Another Richmond area resident has filed a federal lawsuit in the Eastern District of Virginia claiming that the House of Delegates boundaries in place for the November 2021 election are unconstitutional. The action comes two days after a three-judge panel ruled that Paul Goldman did not have the legal standing to make the claim that the Board of Elections erred in certifying elections for outdated legislative boundaries.
Jeffrey Thomas Jr. had filed to be added to a suit filed by Paul Goldman last October, but Monday’s opinion rendered that request to intervene moot. Yesterday Thomas filed a “petition of mandamus” that asks the court to consider his claim that he has suffered a legal injury because the 71st House District where he resides has a 2020 Census Count that contains more people than it should.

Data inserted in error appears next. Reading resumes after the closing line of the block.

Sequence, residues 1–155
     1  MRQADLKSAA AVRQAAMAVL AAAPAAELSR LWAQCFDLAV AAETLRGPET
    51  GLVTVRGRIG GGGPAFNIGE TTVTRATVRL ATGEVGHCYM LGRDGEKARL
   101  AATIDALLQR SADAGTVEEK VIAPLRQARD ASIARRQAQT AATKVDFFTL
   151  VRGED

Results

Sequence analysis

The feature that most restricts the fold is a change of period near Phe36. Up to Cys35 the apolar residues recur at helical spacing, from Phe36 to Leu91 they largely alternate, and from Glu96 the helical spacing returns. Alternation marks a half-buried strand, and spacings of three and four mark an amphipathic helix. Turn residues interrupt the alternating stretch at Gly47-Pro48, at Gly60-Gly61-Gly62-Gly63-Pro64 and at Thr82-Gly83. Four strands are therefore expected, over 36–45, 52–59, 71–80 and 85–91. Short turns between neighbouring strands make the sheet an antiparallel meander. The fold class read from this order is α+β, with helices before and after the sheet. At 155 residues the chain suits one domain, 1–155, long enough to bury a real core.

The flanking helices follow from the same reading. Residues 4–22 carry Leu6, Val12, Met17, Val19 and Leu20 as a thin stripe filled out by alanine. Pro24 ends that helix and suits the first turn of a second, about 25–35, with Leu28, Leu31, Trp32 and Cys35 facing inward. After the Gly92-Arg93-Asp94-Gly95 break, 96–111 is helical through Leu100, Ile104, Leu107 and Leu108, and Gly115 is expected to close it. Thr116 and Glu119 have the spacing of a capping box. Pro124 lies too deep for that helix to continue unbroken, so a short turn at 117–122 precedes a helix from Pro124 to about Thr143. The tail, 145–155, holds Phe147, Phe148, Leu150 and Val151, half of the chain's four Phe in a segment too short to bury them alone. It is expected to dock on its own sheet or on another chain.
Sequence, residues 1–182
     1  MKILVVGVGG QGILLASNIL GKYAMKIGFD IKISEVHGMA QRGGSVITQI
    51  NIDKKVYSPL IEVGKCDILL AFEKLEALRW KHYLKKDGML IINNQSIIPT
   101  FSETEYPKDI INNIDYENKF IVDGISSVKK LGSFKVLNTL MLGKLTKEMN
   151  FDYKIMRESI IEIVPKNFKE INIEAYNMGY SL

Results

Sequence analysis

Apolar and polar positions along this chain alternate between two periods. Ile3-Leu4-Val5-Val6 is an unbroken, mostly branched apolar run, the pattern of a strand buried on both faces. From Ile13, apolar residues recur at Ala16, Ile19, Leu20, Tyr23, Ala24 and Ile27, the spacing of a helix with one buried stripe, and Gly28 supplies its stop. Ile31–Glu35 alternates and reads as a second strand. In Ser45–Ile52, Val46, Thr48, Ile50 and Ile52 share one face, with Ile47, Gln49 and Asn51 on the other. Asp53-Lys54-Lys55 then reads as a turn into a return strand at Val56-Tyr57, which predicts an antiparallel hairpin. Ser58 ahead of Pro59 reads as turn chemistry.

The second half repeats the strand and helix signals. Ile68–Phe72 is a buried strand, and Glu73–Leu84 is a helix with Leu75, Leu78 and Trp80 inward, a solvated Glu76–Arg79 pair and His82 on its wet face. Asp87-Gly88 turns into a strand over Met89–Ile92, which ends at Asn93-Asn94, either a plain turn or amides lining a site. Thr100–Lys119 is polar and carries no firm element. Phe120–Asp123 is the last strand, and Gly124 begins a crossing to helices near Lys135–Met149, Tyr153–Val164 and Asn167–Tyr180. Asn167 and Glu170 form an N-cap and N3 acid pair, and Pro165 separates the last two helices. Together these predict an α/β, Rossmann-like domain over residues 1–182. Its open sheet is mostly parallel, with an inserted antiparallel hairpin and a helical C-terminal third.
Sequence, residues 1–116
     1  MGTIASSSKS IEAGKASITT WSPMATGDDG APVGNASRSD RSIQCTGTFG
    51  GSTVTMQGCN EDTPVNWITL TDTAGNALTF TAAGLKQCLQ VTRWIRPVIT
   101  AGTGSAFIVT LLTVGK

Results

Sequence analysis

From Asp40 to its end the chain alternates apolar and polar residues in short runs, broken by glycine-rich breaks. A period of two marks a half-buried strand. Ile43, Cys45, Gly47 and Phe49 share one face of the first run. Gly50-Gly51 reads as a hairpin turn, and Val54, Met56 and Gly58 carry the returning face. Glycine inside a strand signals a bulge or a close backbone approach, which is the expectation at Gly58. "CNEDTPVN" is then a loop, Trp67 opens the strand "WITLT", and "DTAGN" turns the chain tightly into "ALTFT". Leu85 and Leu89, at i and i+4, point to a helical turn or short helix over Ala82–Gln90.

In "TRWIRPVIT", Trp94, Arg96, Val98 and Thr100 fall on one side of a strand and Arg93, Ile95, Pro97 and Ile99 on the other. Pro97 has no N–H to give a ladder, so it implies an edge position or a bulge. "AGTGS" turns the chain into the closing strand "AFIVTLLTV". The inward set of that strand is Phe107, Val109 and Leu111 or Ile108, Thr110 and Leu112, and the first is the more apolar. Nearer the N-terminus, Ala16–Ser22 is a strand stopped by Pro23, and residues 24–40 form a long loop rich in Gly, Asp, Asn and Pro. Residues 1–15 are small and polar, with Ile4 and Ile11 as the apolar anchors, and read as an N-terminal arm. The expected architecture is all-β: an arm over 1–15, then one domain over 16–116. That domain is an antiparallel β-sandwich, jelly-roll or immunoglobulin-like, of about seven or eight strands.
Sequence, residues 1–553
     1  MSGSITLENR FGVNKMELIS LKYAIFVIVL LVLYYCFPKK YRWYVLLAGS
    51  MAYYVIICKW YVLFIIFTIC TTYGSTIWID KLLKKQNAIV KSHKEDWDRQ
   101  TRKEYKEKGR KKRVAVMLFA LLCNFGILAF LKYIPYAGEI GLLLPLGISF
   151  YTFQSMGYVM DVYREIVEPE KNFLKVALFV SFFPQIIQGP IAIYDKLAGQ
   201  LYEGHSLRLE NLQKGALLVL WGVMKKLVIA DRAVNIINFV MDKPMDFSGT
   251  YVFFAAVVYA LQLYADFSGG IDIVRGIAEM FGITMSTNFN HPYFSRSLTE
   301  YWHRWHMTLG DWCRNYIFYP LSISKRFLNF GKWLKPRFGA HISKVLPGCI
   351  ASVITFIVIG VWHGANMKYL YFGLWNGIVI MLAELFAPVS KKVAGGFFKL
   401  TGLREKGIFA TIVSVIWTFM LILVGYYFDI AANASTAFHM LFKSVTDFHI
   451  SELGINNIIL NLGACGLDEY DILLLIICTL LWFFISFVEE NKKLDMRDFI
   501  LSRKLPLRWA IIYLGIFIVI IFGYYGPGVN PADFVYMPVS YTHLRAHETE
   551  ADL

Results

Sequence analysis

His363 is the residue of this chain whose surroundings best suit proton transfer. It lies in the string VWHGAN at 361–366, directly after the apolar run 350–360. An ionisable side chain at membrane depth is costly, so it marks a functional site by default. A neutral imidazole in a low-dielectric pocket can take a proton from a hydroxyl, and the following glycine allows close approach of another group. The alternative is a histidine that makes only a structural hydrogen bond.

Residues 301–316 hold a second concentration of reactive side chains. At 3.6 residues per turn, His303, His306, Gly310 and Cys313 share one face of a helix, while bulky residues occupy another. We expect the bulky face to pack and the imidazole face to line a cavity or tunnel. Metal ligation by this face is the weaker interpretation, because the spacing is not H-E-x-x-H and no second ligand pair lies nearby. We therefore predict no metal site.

“Plaintiff and all other voters and residents in [House District] 71-2011 have had their voting strength and political representation unconstitutionally diluted or weakened by their failure of Defendants to conduct, enact, or oversee decennial constitutional reapportionment, redistricting, or elections,” reads paragraph 10 of the petition.
There are 518 days until the next time voters will decide on who will sit in the Virginia House of Delegates. That’s a year later than the 154 days that Richmond attorney Paul Goldman had wanted, but a panel of three federal judges have ruled that he did not have standing to bring the lawsuit either as a voter or a potential candidate. (read the opinion)
In his original complaint filed June 28 of last year, Goldman alleged that the legislative boundaries at the time of the 2021 House of Delegates elections scheduled for that November would be in violation of the Equal Protection Clause in the 14th amendment of the U.S. Constitution. He argued the population of some districts were much larger than others due to the outdated districts.